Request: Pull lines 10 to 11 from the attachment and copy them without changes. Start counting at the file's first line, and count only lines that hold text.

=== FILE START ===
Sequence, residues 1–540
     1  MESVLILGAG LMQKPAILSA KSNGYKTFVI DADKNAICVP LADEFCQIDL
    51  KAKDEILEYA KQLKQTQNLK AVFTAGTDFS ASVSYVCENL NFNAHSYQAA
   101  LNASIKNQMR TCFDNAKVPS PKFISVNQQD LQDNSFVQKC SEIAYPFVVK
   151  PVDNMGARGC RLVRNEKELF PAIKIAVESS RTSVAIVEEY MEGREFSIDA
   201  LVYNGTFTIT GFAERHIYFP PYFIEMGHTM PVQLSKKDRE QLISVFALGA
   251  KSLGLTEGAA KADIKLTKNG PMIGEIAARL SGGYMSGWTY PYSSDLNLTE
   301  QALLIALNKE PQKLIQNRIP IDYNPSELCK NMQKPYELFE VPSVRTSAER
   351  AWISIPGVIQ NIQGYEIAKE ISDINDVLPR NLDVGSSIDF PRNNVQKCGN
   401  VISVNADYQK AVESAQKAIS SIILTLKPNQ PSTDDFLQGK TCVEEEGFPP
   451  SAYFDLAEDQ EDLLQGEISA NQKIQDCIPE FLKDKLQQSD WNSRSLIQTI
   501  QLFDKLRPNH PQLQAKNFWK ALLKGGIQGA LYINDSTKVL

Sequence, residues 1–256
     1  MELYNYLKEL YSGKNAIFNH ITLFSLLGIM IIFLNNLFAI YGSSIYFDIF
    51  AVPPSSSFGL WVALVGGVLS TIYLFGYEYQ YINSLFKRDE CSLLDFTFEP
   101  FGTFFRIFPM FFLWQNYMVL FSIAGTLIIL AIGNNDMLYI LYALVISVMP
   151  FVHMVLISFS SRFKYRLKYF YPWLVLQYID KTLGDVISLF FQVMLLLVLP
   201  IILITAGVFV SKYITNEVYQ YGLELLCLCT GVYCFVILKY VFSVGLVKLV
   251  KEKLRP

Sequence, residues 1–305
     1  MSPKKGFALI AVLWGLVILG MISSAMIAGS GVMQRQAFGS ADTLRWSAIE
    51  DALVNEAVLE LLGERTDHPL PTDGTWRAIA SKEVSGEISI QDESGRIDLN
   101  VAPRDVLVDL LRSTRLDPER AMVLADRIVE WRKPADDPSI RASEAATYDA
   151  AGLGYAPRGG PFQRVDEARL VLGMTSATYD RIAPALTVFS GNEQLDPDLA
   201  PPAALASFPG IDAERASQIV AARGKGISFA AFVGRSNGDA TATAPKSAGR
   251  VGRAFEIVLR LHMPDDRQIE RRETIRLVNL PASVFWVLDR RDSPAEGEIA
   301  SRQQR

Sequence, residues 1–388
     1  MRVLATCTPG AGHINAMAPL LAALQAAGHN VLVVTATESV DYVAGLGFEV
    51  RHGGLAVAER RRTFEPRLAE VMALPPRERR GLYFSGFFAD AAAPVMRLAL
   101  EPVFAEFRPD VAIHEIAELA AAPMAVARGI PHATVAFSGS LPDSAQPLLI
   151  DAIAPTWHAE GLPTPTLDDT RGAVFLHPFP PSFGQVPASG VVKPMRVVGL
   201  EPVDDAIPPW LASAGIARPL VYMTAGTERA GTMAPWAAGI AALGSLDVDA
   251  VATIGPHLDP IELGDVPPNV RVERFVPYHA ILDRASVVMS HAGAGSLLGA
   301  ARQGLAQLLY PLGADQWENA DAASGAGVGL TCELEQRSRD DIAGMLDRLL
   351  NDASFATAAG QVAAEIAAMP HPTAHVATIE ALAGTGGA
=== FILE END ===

   401  VISVNADYQK AVESAQKAIS SIILTLKPNQ PSTDDFLQGK TCVEEEGFPP
   451  SAYFDLAEDQ EDLLQGEISA NQKIQDCIPE FLKDKLQQSD WNSRSLIQTI